Sheree Sullivan’s Advice for Women in Business:

Sheree’s number one advice for women in business is to really understand money and how your business makes it. After about two or three years in business, a mentor questioned Sheree about the profit percentage of her top product and whilst she had always loved maths, she hadn’t really been applying it in business. Her mentor pushed her to stop talking about marketing and to articulate how much profit was in that product. Walking away thinking “I’m going to show you” Sheree then analysed the numbers and realised that their top selling product was actually operating at a 10% loss. This realisation was a massive turn-around point for the business. It was the kick up the bum needed to really get her head around and manage the numbers.

At that point Sheree decided she was going to focus on getting good at money and she’s still pushing on that focus to this day. Every year Sheree chooses to learn something else about the management of money because to her, business is about managing two things, money and people.

Sheree Sullivan’s BCD Experience:

Sheree joined Behind Closed Doors (BCD) many years ago, at a period in her life when she felt quite isolated, coupled with a desire to connect with other people who could challenge her business approach. Sheree remembers thinking, “I don’t want to be the sharpest tool in the shed” she was looking to learn from others who had already been through her experiences. BCD provided her with access to women higher in business to learn from, bounce ideas with and grow. From her involvement in BCD, Sheree has met some incredible women and made some very dear, close friendships.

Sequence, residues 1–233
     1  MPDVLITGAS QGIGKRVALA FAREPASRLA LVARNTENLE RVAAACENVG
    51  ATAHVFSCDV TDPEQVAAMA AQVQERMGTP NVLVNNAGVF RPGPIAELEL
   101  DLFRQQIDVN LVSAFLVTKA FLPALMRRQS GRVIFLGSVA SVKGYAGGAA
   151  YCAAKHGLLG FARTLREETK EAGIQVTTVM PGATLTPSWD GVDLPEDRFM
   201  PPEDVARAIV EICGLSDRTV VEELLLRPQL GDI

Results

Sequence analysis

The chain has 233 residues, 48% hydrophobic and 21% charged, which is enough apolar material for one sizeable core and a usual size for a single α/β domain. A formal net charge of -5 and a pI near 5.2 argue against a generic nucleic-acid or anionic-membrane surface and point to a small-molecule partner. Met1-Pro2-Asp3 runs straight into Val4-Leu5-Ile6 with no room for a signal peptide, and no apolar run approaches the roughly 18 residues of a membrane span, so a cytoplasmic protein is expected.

Her time in BCD has helped Sheree to ‘say it like it is’ and made having difficult conversations actually quite easy. Through years of attending monthly meetings, where her own and other members’ problems are analysed and given feedback, Sheree has built the confidence to tackle difficult conversations head on. Sheree summarises “through the strong leadership of Donny Walford and my facilitator Kylie Bishop – who both call a spade a spade, I have learnt to just act on difficult issues, I don’t overthink it, I just get on and do it.”

Sheree Sullivan’s Top Three Business Book Recommendations:

  1. The E Myth Revisited by Michael Gerber – it’s quite an old fashioned book however it provides highly useful insights about business ownership for small businesses. A key theme is around the concept that ‘you build a business to own a business, not a job.’ This was pivotal in the way that we built Udder Delights.
  2. Rich Dad, Poor Dad by Robert Kiyosaki – this book set the path on how Saul and I chose to spend our money. We embraced the concept of letting your assets buy your liability. This shaped our decisions around how we invested both our personal funds and in the business.
  3. Winging It by Emma Isaacs – I really enjoyed the pep talk aspect of this book, a quote stood out to me: “The person who says it cannot be done should not interrupt the person doing it.”
  4. The Barefoot Investor by Scott Pape – this recommendation goes back to always learning about and managing money. I’m constantly looking to expand my knowledge in this area.

The future is bright for Udder Delights, and Sheree is constantly humbled by how the business has grown and continues to develop. When women ask her for advice on how to progress in business she highly recommends BCD, the entrepreneur group particularly.